As mentioned in the previous post, we are currently working on enhancements for the MVVM support our Docking/MDI controls provide. In today's post, we'll talk about new code being added that allows you to specify a default location for new tool windows that are opened.
As in the current version, when a tool window has already been in the dock site layout and then is closed, it leaves a breadcrumb behind so that it knows exactly where to appear when reopened later. In vNext, for tool windows that are being opened for the first time and don't yet have a breadcrumb available, default location information is now requested.
The new DockingWindow.WindowGroupName property can be set on tool windows that have an affinity. Each window in a 'group' should have the same property value. A window being opened for the first time will look for other open members of the group in the same state so that it can attach to them.
DockingWindow also has a new DefaultLocationRequestAction property that can be set to a lambda that is passed a special event args instance. The event args allows you to programmatically designate a dock target (such as a dock host or other tool window) and optional side upon which to dock. Then the new DockSite.WindowDefaultLocationRequested event fires and allows for the similar logic to be applied, but at a centralized location.
If no dock target is designated by the action or event, then the window will dock against the primary dock host using the side specified by the window's new DefaultDockSide property.
With the properties and events mentioned above, vNext now gives you full control over where brand new tool windows will open in a layout by default. These capabilities are essential for MVVM scenarios.
If you don't want to get into writing any code, simply set the WindowGroupName and DefaultDockSide properties. Or if you do wish to have more complex logic and find-grained control, use either the DefaultLocationRequestAction or WindowDefaultLocationRequested event to supply your logic. The choice is yours!
Docking/MDI vNext is currently still in mid-development stages but is progressing very well. Please contact us via email if you are an existing customer and would like to sign up as a beta tester for vNext. If you have any other suggestions for improving Docking/MDI, now is the time to get them in. We'll post more updates on our vNext improvements soon.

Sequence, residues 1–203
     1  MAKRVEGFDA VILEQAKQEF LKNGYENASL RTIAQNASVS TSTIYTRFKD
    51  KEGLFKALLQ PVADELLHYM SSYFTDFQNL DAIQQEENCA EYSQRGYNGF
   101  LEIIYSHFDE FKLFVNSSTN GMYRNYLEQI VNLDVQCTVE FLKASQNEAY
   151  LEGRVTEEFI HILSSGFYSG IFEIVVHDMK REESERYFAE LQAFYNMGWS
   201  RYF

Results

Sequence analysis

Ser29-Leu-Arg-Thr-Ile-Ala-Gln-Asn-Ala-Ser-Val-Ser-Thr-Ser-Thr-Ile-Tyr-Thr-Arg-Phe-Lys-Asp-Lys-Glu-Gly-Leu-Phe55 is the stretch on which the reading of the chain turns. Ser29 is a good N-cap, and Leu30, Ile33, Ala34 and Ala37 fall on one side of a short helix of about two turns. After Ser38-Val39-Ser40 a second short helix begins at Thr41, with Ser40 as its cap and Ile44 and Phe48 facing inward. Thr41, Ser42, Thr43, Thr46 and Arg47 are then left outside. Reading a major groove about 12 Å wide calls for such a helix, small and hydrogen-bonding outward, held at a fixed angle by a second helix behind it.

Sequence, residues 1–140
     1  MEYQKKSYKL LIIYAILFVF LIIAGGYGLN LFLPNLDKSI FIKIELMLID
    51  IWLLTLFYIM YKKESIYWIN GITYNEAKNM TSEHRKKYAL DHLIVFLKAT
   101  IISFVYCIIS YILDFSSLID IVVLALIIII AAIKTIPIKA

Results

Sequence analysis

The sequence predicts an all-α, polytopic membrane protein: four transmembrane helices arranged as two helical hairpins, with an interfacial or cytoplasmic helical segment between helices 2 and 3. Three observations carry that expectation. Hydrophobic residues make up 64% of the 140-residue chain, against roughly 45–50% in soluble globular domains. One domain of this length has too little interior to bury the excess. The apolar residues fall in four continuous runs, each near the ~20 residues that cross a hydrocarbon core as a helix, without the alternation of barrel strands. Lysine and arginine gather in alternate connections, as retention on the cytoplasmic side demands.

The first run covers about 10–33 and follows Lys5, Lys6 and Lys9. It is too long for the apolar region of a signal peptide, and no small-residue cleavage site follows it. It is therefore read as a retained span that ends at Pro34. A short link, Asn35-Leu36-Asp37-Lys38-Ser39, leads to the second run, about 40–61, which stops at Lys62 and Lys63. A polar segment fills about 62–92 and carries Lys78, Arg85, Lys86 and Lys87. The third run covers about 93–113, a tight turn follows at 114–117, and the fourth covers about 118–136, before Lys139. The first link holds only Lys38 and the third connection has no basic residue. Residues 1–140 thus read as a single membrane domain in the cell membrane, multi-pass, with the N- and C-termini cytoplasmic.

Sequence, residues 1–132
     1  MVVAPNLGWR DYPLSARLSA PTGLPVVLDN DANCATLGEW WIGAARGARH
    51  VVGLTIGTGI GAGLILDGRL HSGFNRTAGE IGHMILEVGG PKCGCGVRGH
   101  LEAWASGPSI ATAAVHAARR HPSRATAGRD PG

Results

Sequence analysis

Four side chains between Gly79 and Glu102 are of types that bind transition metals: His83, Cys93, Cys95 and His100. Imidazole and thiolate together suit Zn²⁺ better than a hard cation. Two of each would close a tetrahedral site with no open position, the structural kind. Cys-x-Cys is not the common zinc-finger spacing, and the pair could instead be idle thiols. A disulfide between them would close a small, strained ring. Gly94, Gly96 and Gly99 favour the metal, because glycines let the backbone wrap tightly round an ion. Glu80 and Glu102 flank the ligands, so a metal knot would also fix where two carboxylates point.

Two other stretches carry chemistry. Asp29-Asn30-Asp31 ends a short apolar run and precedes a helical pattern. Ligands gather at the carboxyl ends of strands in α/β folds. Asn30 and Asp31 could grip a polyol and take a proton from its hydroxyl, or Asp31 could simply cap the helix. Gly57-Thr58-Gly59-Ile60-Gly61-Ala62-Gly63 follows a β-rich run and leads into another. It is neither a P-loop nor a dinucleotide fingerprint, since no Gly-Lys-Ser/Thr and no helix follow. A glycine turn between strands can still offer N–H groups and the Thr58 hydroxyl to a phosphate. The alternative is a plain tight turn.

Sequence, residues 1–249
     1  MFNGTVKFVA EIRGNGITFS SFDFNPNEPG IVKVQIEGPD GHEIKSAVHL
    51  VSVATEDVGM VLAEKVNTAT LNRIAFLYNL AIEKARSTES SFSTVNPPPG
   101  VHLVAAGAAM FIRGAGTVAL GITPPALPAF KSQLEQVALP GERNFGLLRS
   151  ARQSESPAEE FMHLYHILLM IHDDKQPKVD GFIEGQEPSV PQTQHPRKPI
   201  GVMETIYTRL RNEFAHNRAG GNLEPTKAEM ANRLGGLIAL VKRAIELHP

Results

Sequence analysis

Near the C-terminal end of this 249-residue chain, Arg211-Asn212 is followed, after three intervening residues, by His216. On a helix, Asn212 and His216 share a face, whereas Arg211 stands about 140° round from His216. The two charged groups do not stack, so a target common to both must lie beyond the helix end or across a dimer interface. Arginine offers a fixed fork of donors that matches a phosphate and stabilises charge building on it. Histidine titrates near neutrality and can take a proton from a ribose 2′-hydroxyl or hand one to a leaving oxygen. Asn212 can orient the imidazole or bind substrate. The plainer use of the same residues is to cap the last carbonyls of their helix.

As mentioned in the previous post, we are currently working on enhancements for the MVVM support our Docking/MDI controls provide. In today's post, I'd like to list some key updates that will improve MVVM usage.
In the current version of Docking/MDI, you are able to two-way bind to the DockingWindow.IsOpen property. When set to true, the docking window will be opened and added to the layout. Likewise, setting IsOpen to false will close the docking window and remove it from the layout.
For vNext, we're adding an IsActive property that effectively returns when DockSite.ActiveWindow is the docking window. A number of customers requested that we add this property and make it settable. If you bind to the property and set IsActive to true, it will not only open the window, but will also ensure it is activated (has focus).
The current version has a DockingWindow.State property, but it is read-only. For vNext, we are adding a setter so that your view models can bind to it. As an example, this allows you to create a new tool view model, set its State property to AutoHide, and then set IsOpen = true to effectively open the container tool window in auto-hide state.
The current version requires an attached behavior for MVVM scenarios that would watch DockSite events and open/position docking windows appropriately. With the various property and functionality enhancements we're making, this no longer is needed for common scenarios.
A next step we are going to be working on is how to specify the default location for tool windows that are created in MVVM scenarios. We want your feedback for this. Please let us know how you'd like to be able to specify that a container docking window should default dock to the right side of the dock site, or dock below another tool window, or attach to another tool window, or auto-hide to the bottom, or float at a location, etc. for MVVM scenarios. Now is the time to submit your feedback for this feature. Thanks for your help!